There have been many suggestions that these “new wars” of the late 20th century have signaled the death of modernity, as the failure of nation-states and the rise of identity politics are equated with the failure of Enlightenment thought. Globalization and the Revolution in Military Affairs (RMA) is often viewed as a new modus vivendi, one in which transnational actors mete out violence through technologically advanced weapons such as drones — a new, postmodern style of war that is more removed from the reality of horror and brutality, producing ever higher civilian suffering.
Former Secretary General of the United Nations Boutros Boutros-Ghali famously quipped that television has changed the way we react to crises. Indeed, the so-called CNN effect has been hotly debated, and widely credited with humanitarian interventions in places like Somalia.
Yet the majority of the world’s most devastating conflicts go largely unreported — with “silent emergencies” in places such as East Timor, Liberia, Angola or Sudan falling under the radar. The brutal conflict in the DRC, which has claimed over 5 million lives since 1998 — the largest death toll since the Second World War — received 16 minutes of coverage on CNN and 29 minutes on the BBC in the entire year of 2000, compared with over eight and nine hours dedicated to the Israeli-Palestinian conflict in the same period. Given that Africa constituted some 90% of combat deaths in the world a decade ago, with the balance shifting to the Middle East and Asia more recently, how much do we really know, or care, about the true extent of human suffering?
Why is the Issue of War Relevant?
War, as Carl von Clausewitz famously wrote, is “an act of violence pushed to its utmost bounds” and to “introduce into the philosophy of War itself a principle of moderation would be an absurdity.” Yet the liberal postulate that democracies do not wage wars against each other has, to a large degree, spared those of us lucky enough to have been born in the West from unthinkable misery of all-out war.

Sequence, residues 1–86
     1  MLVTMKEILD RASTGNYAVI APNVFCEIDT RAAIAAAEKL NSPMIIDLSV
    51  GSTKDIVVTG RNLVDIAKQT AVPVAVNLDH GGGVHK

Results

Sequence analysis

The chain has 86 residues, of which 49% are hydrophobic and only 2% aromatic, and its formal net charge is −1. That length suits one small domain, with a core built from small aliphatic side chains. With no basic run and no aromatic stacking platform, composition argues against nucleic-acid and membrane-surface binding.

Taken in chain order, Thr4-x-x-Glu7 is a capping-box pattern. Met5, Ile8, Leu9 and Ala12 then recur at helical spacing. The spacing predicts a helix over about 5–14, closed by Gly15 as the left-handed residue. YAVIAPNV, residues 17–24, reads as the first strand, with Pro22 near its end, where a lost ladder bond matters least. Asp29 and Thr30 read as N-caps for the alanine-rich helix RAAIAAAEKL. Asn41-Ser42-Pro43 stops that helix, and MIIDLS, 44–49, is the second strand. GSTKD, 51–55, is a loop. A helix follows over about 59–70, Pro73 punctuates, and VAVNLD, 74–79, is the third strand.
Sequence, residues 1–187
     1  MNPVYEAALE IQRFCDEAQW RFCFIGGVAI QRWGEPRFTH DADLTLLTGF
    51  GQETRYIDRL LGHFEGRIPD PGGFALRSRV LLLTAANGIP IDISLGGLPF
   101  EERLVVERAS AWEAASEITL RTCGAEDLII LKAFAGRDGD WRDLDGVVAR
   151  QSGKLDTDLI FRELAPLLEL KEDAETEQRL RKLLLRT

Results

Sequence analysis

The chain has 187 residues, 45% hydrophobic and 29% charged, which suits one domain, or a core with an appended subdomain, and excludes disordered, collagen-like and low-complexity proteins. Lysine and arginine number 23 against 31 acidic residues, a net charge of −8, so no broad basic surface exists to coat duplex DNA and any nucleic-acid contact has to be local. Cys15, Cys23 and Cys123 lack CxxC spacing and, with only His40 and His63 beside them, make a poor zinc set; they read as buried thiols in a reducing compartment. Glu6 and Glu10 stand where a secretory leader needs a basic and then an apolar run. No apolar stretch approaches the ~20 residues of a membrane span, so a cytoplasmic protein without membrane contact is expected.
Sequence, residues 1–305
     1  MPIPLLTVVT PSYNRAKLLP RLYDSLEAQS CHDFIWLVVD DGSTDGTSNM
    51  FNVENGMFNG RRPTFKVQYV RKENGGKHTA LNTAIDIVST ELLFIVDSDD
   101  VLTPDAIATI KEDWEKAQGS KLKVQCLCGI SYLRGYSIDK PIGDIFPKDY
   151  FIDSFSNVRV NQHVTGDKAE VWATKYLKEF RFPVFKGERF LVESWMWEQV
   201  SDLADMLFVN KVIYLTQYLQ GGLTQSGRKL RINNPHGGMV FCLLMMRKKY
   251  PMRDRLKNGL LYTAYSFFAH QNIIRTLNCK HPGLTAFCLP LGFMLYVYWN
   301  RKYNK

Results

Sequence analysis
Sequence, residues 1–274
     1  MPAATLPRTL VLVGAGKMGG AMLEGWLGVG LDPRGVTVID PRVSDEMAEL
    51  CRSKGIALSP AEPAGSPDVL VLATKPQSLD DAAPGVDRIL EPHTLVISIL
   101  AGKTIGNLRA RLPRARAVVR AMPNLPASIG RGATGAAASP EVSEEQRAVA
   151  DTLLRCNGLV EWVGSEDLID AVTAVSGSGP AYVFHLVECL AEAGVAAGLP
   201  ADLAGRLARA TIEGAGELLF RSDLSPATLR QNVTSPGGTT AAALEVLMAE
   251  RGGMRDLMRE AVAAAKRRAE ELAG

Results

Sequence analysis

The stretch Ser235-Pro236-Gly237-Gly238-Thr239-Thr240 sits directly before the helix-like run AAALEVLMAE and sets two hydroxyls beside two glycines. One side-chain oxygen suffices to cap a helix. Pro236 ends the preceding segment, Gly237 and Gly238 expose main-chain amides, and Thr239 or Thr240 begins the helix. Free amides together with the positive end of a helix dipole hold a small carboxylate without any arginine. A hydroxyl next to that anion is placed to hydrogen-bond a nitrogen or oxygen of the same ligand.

But if we consider the number of veterans of just the two wars in Iraq and Afghanistan — 2.8 million in the US alone — the human cost of conflict is brought home to all of us with the tragedy of post-traumatic stress disorder (PTSD), dreadful injuries and social injustice. If we consider the 50 million refugees fleeing conflict zones worldwide, running from systematic abuse (some 48 women are raped every hour in the Congo), children orphaned and traumatized, the exorbitant military budgets begin to look not only questionable, but immoral. Since 2008, according to the Global Peace Index, 111 countries have seen levels of peace deteriorate, with only 51 nations seeing an increase.
Sigfried Sassoon, writing about his experience in the First World War, sneers at the crowd watching soldiers march by: “Sneak home and pray you’ll never know / The hell where youth and laughter go.” To this day, for a large part of the world’s population, this prayer goes unanswered.
The views expressed in this article are the author’s own and do not necessarily reflect Fair Observer’s editorial policy.